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Michigan residents mourn loss of snow, fear for future as winters vanish

swimmer in the water
One visible sign of this year’s lackluster winter: A swimmer taking a dip in the open water of Lake Superior in February, when the shoreline is usually iced-over. (Bridge photo by Ryan Stephens)
  • Climate change is erasing Michigan winters, affecting the state’s culture, environment and economy
  • We asked readers how they’re grappling with the changes
  • Responses included a mix of sorrow, regret, and urgency

For Lynda Magirl, Michigan’s lost winter is a call to act on climate change, motivating her to install solar panels on her mid-Michigan home this year.

“We all need to do our part,” Magirl wrote in an email to Bridge Michigan.

For Jeff Smith, a Michigan transplant from California, it’s a welcome reprieve from the cold.


“Maybe winter defines native Michiganders,” Smith said, “but even after 50 of them, I can't wait until it goes away for good.”

This is the warmest winter on record in Michigan, and Bridge Michigan last week  documented what climate change means for the future of Michigan’s winters: less snow, more rain, and the slow disappearance of pastimes like snowmobiling and ice fishing. 


While the changes unfold, state, federal and international leaders are engaged in high-stakes debates about how to respond to the climate crisis. The outcome will help determine just how much warmer it gets. 

Bridge recently asked readers to share their thoughts on Michigan’s missing winter. Dozens responded. 

Some called it disturbing. Others said they fear for their kids. A handful celebrated.

We also heard from some readers who don’t believe the overwhelming scientific consensus that humans are causing climate change. Research shows they are increasingly in the minority.

Here’s what readers had to say: 

Charles Palmer, 70, of St. Clair Shores, lamented the loss of traditions that he grew up with in Detroit, from cross-country skiing to ice skating on Belle Isle and playing hockey in flooded backyards.

“It seems apparent that those winters are gone,” Palmer said, but his deeper fear is for the impact on ecosystems, including the explosion of pest populations that freezing winters have historically suppressed.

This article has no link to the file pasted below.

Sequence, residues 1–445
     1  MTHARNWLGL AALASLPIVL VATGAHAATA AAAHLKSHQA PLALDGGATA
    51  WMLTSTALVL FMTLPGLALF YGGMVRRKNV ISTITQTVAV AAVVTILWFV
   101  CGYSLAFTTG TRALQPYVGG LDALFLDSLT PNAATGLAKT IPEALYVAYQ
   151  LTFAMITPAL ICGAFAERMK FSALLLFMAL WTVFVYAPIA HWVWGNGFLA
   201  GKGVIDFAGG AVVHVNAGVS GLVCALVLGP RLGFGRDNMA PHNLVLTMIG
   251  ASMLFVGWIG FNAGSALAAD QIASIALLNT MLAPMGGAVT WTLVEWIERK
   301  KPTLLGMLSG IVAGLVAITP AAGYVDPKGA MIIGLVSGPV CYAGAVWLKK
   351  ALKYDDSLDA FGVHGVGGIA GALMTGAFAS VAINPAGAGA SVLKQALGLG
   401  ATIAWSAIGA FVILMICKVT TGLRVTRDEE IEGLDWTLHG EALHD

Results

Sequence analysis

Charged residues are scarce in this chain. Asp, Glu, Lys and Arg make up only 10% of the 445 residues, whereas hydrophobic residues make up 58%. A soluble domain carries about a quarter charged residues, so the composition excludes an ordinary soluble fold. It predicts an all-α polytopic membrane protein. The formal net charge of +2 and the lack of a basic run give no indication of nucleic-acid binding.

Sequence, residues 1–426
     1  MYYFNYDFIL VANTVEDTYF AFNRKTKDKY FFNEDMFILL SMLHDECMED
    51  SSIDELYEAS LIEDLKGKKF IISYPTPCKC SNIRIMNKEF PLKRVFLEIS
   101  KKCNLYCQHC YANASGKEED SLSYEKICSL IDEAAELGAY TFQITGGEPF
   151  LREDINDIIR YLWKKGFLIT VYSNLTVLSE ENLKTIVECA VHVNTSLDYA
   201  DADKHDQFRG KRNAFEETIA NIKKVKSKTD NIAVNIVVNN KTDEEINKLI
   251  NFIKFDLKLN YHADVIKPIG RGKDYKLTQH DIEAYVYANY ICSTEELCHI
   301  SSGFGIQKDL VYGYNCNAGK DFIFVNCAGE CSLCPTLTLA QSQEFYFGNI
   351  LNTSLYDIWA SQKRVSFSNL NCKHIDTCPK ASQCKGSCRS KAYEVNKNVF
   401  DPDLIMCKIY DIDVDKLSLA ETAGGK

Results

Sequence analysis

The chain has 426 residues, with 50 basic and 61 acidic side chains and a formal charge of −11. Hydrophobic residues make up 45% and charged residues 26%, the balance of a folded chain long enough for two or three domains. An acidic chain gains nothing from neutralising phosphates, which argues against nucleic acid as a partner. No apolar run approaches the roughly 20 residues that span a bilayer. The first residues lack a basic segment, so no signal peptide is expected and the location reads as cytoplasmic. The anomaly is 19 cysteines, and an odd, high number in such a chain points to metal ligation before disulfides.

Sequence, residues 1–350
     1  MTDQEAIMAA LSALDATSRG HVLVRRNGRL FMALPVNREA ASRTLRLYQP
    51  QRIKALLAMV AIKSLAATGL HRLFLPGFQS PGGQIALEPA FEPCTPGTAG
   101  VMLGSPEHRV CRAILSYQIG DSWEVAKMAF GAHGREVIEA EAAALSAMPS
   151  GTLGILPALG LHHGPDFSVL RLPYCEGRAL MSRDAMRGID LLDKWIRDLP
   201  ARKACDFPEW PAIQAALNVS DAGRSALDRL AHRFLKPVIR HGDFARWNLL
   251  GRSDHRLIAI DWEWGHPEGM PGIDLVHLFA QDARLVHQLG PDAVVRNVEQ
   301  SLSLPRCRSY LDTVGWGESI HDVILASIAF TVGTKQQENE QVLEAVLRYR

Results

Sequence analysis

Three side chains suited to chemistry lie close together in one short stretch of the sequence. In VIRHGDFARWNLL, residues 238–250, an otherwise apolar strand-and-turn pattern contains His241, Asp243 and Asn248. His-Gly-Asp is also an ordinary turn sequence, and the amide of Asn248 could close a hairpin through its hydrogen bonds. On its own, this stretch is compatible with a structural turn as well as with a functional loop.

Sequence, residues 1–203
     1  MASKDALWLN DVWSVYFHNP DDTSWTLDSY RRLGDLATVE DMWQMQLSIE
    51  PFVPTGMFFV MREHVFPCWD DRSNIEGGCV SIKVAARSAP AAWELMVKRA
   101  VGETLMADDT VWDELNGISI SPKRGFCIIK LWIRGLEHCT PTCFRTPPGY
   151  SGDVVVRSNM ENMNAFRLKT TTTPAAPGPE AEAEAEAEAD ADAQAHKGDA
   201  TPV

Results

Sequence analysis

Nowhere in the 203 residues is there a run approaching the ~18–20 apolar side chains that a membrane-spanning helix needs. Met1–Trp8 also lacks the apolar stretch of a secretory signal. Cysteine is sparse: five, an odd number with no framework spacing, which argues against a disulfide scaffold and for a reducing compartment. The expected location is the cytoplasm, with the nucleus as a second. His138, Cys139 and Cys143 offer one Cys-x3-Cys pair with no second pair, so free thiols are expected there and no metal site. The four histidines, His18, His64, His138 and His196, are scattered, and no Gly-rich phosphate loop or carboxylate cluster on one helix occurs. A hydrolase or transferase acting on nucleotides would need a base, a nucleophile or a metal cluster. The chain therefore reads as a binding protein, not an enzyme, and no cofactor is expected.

As for Michigan’s abundant water, he said, “what is going to happen if the Southwest dries up?”

Jan Hurd said she misses the deep freezes that kept seasonal allergies at bay. “And the beauty of a snowy landscape can’t be beat,” she said.

Gary Roehl of Oscoda County said he is glad he sold his snowmobile a decade ago, when he first started noticing a decline in snowfall. These days, “you can’t give away a snowmobile up here anymore.”

Others said they worry about future generations: 

“An outdoor hockey game on a clear night or during a cold but sunny day is truly a special experience,” said Kate Brady-Medley, of Dearborn. “I’m so glad that my young players have had a chance to do it, but it makes me so sad that they will likely be among the last generation to do this.”

Ann Mullen, a parent from Grosse Pointe Park, expressed deeper concern about what dwindling northern winters mean for the rest of the planet — and for her children’s future.

“I am terrified for them,” she said.


Others lamented the early emergence of daffodils, robins, chipmunks and mosquitoes – all of which are well ahead-of-schedule this year. Some worried what it means for crops, especially fruit crops that can fail when a midwinter thaw causes blossoms to emerge prematurely.

Sandra Daenzer of Lapeer, said she fears a “domino effect” as climate change disrupts the seasonal cycles of plants and animals.

“The earth is resilient,” she said, “but any compromise to any system, compromises the whole.”

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